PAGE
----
The Toyota Hilux bumped its way along the dirt track that leads to Lakruja Village on the island of Espiritu Santo in Vanuatu. We were a group of twelve from Brisbane, en route to visit the French school in the remote village. We had set out from where we were staying in the Village de Santo Resort on the outskirts of Luganville, the only major town on the island, in two vehicles, the ubiquitous pick-ups where passengers ride in the open back tray. Many in the group are not as young as we used to be, and it was a struggle for some to heave themselves over the side. On the way to the village we crossed one of the four airports built by the Americans during World War Two. The blue/black macadam was barely visible under the invading canopy of regrowth that was reclaiming the land.

We passed the occasional native hut ensconced in the forest. In parts, wide expanses of large-leafed macaranga draped in vines formed impenetrable walls on either side of the track. The sky was grey, but the rain held off. In early August, the air was heavy with humidity and the smell of raw vegetation and wet earth, while the temperature sat in the comfortable mid-twenty degrees Celsius range. More evidence of habitation became visible, we passed a tiny yellow concrete building which announced itself in bold letters as the shop. Everybody was relieved when we pulled to the side of the road and stopped. A timber-framed shelter stood in the large cleared area directly to the left; further along was a building we presumed to be the school. A number of adults were herding children dressed in uniforms of yellow shirts and green or red shorts/skirts into some semblance of order, their huge eyes fascinated by the sight of a motley crew of whites emerging from the vehicles. Sore backsides were rubbed, muscles stretched, necks un-kinked.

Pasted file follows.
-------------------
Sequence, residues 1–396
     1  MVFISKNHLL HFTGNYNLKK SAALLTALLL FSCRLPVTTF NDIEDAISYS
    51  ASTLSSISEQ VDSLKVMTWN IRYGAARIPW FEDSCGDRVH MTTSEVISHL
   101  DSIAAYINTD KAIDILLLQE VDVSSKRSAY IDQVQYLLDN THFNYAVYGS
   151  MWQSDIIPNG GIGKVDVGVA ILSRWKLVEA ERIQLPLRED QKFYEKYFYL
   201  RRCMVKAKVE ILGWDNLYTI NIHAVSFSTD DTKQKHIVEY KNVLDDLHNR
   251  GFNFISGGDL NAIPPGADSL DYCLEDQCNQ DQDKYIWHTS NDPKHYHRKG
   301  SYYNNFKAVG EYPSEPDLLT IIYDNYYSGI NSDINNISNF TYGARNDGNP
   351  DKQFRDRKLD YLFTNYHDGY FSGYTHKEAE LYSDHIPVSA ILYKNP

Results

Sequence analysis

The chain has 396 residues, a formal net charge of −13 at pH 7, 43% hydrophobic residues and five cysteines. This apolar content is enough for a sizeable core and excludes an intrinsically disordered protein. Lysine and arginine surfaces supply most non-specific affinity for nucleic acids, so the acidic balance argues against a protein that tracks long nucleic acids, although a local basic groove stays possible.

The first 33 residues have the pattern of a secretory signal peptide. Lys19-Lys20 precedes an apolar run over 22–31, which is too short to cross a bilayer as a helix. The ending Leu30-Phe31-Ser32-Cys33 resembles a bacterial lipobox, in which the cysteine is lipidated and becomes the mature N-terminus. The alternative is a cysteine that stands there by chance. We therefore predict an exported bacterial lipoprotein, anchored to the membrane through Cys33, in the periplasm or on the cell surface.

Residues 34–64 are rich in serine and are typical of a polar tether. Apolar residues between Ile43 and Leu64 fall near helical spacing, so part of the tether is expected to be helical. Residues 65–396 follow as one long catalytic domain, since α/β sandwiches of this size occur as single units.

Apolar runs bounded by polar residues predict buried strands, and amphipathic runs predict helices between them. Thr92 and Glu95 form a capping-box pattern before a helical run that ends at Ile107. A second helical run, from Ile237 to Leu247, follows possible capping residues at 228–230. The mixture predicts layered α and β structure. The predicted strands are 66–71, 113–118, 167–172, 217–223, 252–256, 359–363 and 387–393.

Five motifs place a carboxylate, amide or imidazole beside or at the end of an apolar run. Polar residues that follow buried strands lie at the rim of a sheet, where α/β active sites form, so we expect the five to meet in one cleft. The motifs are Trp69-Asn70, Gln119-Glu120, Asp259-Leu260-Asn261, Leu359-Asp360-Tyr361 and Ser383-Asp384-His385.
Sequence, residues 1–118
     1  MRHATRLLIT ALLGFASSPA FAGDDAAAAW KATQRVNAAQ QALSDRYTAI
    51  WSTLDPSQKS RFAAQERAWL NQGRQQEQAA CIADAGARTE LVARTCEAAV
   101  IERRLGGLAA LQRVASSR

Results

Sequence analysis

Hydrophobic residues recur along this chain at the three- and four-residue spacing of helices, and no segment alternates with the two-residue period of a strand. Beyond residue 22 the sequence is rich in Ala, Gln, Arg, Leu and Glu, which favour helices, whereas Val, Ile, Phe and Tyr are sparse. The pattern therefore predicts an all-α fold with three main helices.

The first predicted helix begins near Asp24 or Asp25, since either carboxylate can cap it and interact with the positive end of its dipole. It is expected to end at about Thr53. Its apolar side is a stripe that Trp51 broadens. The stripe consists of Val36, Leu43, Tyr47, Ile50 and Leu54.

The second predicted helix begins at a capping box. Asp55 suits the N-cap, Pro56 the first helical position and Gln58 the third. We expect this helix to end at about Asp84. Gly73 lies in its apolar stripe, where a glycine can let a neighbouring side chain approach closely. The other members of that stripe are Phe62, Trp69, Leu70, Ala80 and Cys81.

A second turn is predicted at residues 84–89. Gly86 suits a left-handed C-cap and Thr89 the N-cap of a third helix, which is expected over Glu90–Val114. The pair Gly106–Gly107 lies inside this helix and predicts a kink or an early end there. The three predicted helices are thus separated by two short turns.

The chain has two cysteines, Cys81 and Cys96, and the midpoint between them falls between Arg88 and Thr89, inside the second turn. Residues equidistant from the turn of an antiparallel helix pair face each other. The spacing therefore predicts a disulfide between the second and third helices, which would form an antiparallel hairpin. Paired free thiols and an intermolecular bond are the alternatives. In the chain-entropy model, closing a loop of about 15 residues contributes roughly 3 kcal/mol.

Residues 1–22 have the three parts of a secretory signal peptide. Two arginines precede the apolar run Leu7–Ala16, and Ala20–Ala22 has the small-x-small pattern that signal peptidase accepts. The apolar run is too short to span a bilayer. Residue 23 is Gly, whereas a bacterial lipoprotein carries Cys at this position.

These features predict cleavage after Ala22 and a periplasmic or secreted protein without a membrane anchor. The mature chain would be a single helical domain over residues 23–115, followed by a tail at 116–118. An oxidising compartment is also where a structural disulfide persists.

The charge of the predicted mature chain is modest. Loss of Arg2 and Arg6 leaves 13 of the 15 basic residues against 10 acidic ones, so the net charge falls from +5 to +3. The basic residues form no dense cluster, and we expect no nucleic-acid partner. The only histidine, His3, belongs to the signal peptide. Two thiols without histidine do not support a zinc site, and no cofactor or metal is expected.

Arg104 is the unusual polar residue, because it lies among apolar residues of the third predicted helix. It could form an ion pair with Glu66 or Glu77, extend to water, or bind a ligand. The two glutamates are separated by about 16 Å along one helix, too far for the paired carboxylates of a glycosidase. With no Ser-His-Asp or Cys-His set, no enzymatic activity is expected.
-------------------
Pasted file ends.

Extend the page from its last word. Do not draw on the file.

The school we were visiting had been going for a year and had 41 students enrolled in Kindergarten and Year 1. The project is being financed by the Millennium Cave Tours run by the villagers. “Education is far from free in Vanuatu and the cost is prohibitive for children in the outlying villages where the people grow fruit, vegetables, chickens and pigs to survive, and have little in the way of money,” our guide Sam Andikar explained. However, the villagers are recognising the necessity of education if they are to be part of the world they see changing around them.

Our trip had been organised by Bev Anti from the Resort, and Sam, director of the cave tours. Rose and I had been in Vanuatu the year before, and the idea of bringing a group of Rose’s French students to the island took root. So here we were, students – two with their husbands in tow, a friend and ourselves, waiting by the roadside to be greeted by the pupils, their teachers and the chief of the village. Finally, all was ready. “We can go in, now,” said Sam, ushering us across the track. We advanced one by one and the children draped colourful leis of native plants around our necks. We placed the gifts we had brought with us on a table in the open and were served green coconuts with a straw to drink the delicious and refreshing milk. Sam introduced us to the villagers and the chief, who welcomed us to the village. “Put your hands on the donations,” Sam told us. “It is part of the custom when giving or receiving gifts that both parties do so.” We nudged forward with the two lady teachers, Madam Irene and Madam Germaine, and stretched out to touch the books, dictionary, scissors, crayons, paint brushes, rubbers and various other items including a small laptop computer we had brought along. “The village has a generator, so they will be able to use the computer,” Sam assured us.